Kiki van Eijk and Joost van Bleiswijk show 30 new pieces

Kiki van Eijk and Joost van Bleiswijk present line-drawn design at Physical exhibition

Milan 2016: Dutch designers Kiki van Eijk and Joost van Bleiswijk's Physical exhibition showcases five new collections, including furniture that looks like drawings and products bolted together like Meccano (+ slideshow).

Protopunk by Joost van Bleiswijk looks like a two-dimensional sketch
Protopunk by Joost van Bleiswijk looks like a two-dimensional sketch

The presentation in Milan's Isola district during the city's design week explored "nature's balance, motion, warmth, light, electricity and construction", according to the duo.

The colours appear inverted so black lines replaced with chalk-like marks
The colours appear inverted so black lines replaced with chalk-like marks

Van Bleiswijk's Protopunk furniture follows the recent trend for design that looks like two-dimensional sketches, but in inverted colours so black lines are replaced with chalk-like marks.

Made from sheet metal, the series was then welded together and painted
Made from sheet metal, the series was then welded together and painted

Made from sheets of flat metal, the cabinet, lamp and chessboard were cut out using a blow torch before being welded together and painted with the white outlines.

Physical Interaction by Kiki van Eijk Physical exhibition Milan design week 2016
The Physical Interaction light sculptures by Kiki van Eijk are turned on in a variety of ways

Van Eijk has designed a trio of light sculptures that are turned on through a variety of interactions – including blowing on a mobile and sparking a flint. The pieces are made from branch-like structures and hold small lamps shaped like leaves.

Physical Interaction by Kiki van Eijk Physical exhibition Milan design week 2016
The branch-like pieces hold small leaf-shaped lamps

Similar twiggy forms are featured in the designer's Civilised Primitives collection, which includes everyday objects such as mirrors, clocks and lamps made of bronze branches.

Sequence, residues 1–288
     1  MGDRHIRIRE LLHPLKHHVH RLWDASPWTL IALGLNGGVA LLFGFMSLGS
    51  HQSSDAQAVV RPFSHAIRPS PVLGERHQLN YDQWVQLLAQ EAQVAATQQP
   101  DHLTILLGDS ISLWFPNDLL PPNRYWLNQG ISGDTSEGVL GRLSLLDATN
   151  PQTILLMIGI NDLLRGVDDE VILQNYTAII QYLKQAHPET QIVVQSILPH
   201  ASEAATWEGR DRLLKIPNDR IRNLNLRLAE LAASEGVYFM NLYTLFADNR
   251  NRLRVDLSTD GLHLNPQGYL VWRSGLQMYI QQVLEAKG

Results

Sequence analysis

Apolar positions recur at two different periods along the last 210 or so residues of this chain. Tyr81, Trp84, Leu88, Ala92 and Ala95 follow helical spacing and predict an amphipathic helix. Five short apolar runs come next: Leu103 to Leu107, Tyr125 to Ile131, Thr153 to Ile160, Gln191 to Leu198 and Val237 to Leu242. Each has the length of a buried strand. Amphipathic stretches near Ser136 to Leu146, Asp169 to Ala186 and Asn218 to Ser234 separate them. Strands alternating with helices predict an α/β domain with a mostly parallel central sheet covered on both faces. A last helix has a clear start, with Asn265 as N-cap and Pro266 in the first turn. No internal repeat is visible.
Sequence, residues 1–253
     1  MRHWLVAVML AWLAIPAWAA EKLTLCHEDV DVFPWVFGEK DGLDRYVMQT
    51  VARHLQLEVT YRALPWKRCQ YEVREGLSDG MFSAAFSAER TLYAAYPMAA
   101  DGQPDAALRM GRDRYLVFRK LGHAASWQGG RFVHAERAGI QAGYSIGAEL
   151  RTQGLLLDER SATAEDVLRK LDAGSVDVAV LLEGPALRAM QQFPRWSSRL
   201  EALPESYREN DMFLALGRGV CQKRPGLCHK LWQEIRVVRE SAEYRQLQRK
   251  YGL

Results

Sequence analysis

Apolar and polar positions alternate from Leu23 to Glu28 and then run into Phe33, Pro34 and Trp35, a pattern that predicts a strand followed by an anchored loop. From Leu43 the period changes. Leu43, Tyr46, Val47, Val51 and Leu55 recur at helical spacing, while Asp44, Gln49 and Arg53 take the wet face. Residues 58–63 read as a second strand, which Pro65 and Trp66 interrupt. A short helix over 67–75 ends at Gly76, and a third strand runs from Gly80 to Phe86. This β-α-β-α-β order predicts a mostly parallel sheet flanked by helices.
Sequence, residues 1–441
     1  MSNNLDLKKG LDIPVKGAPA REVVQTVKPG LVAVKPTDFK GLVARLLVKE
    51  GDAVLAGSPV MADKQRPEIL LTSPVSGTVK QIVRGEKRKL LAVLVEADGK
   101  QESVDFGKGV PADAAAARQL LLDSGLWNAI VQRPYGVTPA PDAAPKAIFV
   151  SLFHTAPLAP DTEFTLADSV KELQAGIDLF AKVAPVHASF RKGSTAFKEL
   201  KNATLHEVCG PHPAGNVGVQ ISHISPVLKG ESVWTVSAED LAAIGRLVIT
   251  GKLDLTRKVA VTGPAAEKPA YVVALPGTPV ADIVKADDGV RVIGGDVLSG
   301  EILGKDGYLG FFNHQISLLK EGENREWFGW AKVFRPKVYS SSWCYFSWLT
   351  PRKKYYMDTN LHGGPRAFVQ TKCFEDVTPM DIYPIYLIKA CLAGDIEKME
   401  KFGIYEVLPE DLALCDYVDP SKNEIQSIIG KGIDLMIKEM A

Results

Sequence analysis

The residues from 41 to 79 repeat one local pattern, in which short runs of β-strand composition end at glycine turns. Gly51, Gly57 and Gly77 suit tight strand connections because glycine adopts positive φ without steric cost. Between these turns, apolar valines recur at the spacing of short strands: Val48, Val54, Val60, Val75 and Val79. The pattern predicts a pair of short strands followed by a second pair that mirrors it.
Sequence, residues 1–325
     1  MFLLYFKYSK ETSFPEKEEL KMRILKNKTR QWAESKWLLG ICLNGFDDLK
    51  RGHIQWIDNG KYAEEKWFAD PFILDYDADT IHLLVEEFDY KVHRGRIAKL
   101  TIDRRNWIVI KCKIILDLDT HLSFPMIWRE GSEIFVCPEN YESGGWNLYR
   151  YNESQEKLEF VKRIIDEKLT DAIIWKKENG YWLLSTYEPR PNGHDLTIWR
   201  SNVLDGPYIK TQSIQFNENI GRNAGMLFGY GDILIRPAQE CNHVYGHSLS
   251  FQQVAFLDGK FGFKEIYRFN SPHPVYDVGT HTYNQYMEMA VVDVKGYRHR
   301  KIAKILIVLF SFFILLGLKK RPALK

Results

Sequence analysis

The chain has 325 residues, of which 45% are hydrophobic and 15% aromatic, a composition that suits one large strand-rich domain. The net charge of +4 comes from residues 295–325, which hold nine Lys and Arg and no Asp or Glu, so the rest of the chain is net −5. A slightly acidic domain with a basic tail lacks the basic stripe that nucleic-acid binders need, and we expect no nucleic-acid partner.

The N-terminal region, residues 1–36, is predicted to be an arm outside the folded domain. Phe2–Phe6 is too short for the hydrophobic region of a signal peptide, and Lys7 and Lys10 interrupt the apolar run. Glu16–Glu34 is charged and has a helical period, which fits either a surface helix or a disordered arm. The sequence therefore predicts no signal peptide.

The designer's Conversation Piece was also included in the exhibition. The sculptural object comprises a hybrid desk lamp and office chair crashing into a walnut table.

Conversation Piece by Kiki van Eijk
Van Eijk's Conversation Piece is also on show at the exhibition

Van Bleiswijk's Mechanic Constructions collection references children's construction system Meccano, and is made from individual hand-cut elements that have been bolted together. The series includes a coffee table, lamp and cabinet, each of which feature polished metal accents.

Kiki van Eijk and Joost van Bleiswijk Physical exhibition Milan design week 2016
Mechanic Constructions by Joost van Bleiswijk references children's construction systems

"Researching, experiencing and creating with your own hands is the best way to gather knowledge," said the pair, who work on both individual and collaborative design projects at their studio in Eindhoven. "This is the reason why babies from nature already experiment with physical principles."

Mechanical Constructions by Joost van Bleiswijk
The whole series is made from individual hand-cut elements bolted together

"The physical act may be very present in the final result and actual existence of objects in an exponential growing virtual world," they added.

Kiki van Eijk and Joost van Bleiswijk Physical exhibition Milan design week 2016
The coffee table, lamp and cabinet in the collection all feature polished metal accents

The exhibition took place at ZonaK on Via Spalato 11, from 12 to 17 April 2016 as part of this year's Milan design week.

Van Eijk and van Bleiswijk's Physical exhibition remains open until 17 April
Van Eijk and van Bleiswijk's Physical exhibition remains open at Milan design week 2016 until 17 April

Other exhibitions around the city included an installation of black and white marble furniture by Nendo and a showcase of classic Pop Art furniture pieces from Gufram.